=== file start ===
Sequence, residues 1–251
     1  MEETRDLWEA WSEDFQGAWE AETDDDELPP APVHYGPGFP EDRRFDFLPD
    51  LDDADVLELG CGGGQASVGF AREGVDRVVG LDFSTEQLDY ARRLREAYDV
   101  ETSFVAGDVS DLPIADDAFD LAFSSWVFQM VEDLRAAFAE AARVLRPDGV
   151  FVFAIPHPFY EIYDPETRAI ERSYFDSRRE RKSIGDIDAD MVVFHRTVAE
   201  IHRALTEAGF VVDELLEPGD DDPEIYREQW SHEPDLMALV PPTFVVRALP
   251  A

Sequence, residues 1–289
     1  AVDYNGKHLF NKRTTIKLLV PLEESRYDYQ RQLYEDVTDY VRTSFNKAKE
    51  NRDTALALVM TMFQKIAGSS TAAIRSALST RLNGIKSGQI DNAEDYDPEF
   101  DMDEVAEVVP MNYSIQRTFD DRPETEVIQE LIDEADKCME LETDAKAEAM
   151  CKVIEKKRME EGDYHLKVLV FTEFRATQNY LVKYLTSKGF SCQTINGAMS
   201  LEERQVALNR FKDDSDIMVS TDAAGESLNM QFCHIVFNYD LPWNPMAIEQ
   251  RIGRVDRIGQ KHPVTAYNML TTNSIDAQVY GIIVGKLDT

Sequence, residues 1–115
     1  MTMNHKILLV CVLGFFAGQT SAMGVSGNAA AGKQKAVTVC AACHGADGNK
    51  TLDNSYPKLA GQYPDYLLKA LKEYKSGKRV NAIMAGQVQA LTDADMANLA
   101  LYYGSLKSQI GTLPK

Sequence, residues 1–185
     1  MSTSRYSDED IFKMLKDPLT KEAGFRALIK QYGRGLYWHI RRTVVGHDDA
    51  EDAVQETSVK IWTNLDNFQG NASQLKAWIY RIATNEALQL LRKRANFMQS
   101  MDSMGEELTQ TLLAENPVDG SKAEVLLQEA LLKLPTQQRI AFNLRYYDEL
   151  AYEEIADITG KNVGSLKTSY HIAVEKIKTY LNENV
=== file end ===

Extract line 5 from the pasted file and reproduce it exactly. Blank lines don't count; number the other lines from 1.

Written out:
   151  FVFAIPHPFY EIYDPETRAI ERSYFDSRRE RKSIGDIDAD MVVFHRTVAE